EikenøttThe first eco-neighbourhood in French-speaking Switzerland
Located near the town of Gland and named Eikenøtt (which is Norwegian for “acorn”… the literal meaning of “gland” in French), this island of greenery built by Losinger Marazzi brings a Scandinavian-inspired lifestyle to the banks of Lake Leman. It seeks to combine ecological responsibility and energy efficiency while providing an unrivalled quality of life.
A Northern European concept, eco-neighbourhoods are synonymous with the latest thinking and benchmark practices with regard to environmentalism, design and a form of community living. The first of its kind in French-speaking Switzerland, Eikenøtt is no exception to the rule. Laid out on eight hectares of land in a highly urbanised zone, it combines urban densification, environmental quality and sociability. It consists of ten five-storey buildings surrounded by a continuous “green carpet”.
The development features numerous innovations in terms of environmental performance and energy efficiency, soft mobility and communal amenities. Each building has been developed like a crown. The central core of circulation is surrounded by a rosette of services proper to each apartment. The interior living space looks out to the exterior and features continuous balconies, for greater luminosity and proximity with the surrounding greenery. Rainwater is recovered by green roofs. Another innovation: thanks to a shared 600-space car park just outside its boundaries, the neighbourhood is able to restrict the use of cars. Cycling is encouraged, with 800 covered parking spaces available for bikes.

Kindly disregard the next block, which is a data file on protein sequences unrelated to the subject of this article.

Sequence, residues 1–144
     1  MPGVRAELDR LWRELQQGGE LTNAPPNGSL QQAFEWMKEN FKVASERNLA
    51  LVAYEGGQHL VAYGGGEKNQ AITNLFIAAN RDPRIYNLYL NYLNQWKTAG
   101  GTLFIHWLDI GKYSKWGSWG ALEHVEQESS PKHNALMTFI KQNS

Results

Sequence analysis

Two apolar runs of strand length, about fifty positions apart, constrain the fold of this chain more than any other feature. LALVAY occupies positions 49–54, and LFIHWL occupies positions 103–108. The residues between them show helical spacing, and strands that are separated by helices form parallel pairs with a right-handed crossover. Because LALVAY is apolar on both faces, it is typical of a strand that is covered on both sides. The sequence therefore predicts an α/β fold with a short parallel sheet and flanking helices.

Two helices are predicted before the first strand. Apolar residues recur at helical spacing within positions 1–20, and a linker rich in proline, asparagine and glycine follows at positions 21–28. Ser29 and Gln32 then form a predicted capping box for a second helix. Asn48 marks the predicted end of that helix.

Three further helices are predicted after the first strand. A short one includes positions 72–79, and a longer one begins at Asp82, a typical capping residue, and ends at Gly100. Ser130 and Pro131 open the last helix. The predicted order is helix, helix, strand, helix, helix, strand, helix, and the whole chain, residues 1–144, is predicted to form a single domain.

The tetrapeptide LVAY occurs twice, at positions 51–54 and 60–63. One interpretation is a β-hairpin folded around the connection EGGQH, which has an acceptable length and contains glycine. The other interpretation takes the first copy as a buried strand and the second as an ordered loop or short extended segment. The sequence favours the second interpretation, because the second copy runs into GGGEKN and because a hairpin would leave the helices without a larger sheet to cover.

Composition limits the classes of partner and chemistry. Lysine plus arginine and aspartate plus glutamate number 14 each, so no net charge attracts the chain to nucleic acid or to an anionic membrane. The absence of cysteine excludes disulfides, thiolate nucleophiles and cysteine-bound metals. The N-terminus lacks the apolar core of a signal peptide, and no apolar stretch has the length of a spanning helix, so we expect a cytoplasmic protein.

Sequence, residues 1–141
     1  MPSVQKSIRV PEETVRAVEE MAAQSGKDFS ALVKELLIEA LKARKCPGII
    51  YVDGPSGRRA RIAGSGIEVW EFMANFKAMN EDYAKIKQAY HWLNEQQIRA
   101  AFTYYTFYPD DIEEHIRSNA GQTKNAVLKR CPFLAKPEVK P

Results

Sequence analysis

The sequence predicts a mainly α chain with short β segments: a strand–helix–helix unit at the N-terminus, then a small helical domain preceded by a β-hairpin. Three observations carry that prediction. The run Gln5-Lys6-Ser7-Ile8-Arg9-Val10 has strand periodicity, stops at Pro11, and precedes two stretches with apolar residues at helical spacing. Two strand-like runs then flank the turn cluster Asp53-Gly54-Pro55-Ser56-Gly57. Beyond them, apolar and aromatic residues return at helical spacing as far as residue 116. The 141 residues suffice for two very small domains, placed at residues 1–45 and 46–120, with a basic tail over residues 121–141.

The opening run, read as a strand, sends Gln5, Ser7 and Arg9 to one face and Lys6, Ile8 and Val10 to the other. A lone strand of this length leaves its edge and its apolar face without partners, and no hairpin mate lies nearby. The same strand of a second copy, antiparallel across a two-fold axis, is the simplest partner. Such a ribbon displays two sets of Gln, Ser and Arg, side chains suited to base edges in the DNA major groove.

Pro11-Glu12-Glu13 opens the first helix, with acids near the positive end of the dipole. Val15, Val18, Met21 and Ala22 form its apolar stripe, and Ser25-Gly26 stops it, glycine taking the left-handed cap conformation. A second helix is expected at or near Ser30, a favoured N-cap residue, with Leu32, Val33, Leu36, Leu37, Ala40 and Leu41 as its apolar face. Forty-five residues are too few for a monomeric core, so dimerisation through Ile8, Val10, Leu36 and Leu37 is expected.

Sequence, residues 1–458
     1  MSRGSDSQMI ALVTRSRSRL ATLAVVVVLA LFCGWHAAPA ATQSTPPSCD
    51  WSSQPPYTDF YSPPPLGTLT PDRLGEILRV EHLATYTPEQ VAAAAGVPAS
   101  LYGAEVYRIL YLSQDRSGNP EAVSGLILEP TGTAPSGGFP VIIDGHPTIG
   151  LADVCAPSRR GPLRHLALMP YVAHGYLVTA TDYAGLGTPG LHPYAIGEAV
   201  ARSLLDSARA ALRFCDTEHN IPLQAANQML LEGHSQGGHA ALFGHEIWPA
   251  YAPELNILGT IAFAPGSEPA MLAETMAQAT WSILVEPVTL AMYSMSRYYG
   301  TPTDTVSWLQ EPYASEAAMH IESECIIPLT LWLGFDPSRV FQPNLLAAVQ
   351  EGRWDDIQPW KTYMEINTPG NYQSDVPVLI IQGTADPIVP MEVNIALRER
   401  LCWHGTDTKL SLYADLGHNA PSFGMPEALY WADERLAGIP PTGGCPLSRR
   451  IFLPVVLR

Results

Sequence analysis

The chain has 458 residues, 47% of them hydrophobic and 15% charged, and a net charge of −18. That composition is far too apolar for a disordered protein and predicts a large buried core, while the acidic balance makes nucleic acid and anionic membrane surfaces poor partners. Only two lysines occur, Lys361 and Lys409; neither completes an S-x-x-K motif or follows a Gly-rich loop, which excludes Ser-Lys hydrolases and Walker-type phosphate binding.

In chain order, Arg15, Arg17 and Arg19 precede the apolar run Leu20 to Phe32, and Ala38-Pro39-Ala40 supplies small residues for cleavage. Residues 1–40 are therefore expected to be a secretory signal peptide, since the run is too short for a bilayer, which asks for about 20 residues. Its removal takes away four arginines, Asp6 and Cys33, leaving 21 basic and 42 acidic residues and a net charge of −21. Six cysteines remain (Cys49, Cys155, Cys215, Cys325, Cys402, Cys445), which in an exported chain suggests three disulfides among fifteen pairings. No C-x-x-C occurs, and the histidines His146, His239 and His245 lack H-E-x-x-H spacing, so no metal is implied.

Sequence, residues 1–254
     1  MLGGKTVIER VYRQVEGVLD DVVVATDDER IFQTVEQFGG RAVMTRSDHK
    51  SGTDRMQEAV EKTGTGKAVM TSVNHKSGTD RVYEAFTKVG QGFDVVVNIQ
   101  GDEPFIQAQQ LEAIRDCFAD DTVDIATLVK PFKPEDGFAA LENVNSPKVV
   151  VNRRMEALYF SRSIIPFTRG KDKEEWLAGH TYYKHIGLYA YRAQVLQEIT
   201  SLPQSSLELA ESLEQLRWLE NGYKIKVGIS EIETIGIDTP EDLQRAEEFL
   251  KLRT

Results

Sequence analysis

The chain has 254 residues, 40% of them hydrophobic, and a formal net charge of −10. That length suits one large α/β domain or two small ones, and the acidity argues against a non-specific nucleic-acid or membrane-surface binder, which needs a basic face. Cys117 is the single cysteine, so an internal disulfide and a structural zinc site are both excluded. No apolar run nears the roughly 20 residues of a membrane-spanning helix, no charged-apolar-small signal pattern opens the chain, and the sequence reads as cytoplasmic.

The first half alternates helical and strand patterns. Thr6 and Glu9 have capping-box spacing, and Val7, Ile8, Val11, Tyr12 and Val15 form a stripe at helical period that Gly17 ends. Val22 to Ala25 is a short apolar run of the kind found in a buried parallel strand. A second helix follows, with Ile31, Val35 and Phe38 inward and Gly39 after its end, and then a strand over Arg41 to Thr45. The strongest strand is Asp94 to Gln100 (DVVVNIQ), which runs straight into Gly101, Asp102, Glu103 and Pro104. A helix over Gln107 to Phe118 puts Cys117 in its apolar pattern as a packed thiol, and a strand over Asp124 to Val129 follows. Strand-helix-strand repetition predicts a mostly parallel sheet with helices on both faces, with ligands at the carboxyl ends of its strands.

Amenities provided in the collective areas, and even inside apartments, encourage eco-gestures, including waste-sorting facilities in the kitchen, water-saving mixer taps, electric vehicle charging stations, a car-pooling system, etc. Tactile tablets in each apartment enable residents to monitor their energy consumption and obtain advice for optimising it.
All the Eikenøtt buildings have been awarded the Minergie-Eco label, which prescribes standards relating to materials employed and to energy efficiency levels achieved, as well as numerous rules applicable during the construction process to reduce the environmental impact of the site. To meet these requirements, each building’s external walls have 26 cm of insulation, double glazing and dual-flow ventilation. To provide low-temperature floor heating, the remote heating plant is 83% fuelled with wood produced in the town of Gland itself. The hot water required by the eco-neighbourhood is produced by 1,000 m² of photovoltaic panels installed on the roof of the car park.